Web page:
Roilo Gomez says PH may be paying China its natural resources - The Daily Sentry

Tuesday, March 6, 2018



Roilo Gomez says PH may be paying China its natural resources



Photo compiled from Google
Philippines has sought the aid of China to help improve its economy through infrastructure projects, amounting to a total of P8.4 trillion, in which some of the plans will be realized this year.

The Sino-Philippine relations has been fortified in the past months after President Rodrigo Duterte assumed office in June 2016 and Chinese Ambassador to the Philippines Zhao Jianhua said that the two countries “have signed a slew of agreements over Chinese support for Philippine infrastructure construction."

Head of Xiamen University's Southeast Asian Studies Center Zhuang Guotu said that since Philippines is still too weak to independent fund and execute its large-scale infrastructure project, China is ready to step in to provide the necessary resources.

Last November 2017, China has already loaned a total of $7.34 billion to the Philippines so the latter can get a headstart in 10 major infrastructure projects.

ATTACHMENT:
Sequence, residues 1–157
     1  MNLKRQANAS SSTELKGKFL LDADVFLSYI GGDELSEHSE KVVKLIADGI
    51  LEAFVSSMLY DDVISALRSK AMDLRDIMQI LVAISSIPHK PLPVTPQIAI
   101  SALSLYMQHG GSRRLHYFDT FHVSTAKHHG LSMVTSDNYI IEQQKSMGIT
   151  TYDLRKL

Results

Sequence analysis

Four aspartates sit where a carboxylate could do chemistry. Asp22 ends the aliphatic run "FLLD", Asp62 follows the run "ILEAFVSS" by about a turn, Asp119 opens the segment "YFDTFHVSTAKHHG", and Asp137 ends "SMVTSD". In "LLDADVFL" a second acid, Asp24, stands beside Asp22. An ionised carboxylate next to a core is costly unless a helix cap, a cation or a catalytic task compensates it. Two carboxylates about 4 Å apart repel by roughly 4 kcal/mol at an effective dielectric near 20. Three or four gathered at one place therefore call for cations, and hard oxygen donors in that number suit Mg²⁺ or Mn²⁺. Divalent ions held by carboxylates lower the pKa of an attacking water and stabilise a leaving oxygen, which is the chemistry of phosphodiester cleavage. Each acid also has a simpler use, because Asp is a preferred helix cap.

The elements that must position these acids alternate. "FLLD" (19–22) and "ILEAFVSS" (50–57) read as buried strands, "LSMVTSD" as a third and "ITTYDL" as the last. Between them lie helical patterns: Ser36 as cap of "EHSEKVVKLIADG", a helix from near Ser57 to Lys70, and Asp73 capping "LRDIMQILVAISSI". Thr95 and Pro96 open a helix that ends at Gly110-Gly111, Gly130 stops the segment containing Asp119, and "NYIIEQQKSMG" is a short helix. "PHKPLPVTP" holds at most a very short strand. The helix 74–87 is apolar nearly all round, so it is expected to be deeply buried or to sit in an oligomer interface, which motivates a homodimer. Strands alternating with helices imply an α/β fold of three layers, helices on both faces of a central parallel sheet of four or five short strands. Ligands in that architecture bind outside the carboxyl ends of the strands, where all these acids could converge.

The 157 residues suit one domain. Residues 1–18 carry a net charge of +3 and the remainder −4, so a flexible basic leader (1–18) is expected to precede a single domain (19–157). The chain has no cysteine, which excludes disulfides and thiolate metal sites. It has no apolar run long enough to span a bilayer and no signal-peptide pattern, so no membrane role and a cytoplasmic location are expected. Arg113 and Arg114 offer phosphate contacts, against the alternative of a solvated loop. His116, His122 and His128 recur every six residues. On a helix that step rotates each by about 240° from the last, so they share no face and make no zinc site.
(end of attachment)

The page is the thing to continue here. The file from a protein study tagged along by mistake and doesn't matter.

Zhuang explained that, “the interest rate on the loans China has provided to the Southeast Asian country is very low. And the Philippines has strong debt-paying ability. Besides, the loans are usually accompanied by repayment agreements, which use certain natural resources as collateral."

Blogger Roilo Golez raised concerns regarding the part about the use of natural resources as collateral, and linked the ongoing negotiations and “co-ownership” over the South China Sea as the Philippines way of paying China for its aid.
Goilez demans that the MalacaƱang Palace and other concerned agencies should clarify the issue on using the nation’s natural resources as payment.

Zhuang, otherwise, commended the stronger bilateral ties between the two nations as he emphasized the energy cooperation through joint oil and gas explorations that would help alleviate the energy shortage in the Philippines.

Research fellow at Chinese Academy of International Trade and Economic Cooperation in Beijing Bai Ming said that the creation of Chinese industrial parks in the Philippines can even generate revenue and jobs for the latter.

"The launch of industrial parks is expected to attract a group of companies within an industry chain and thus overcome the disadvantages for a single company in investing overseas," Ming said.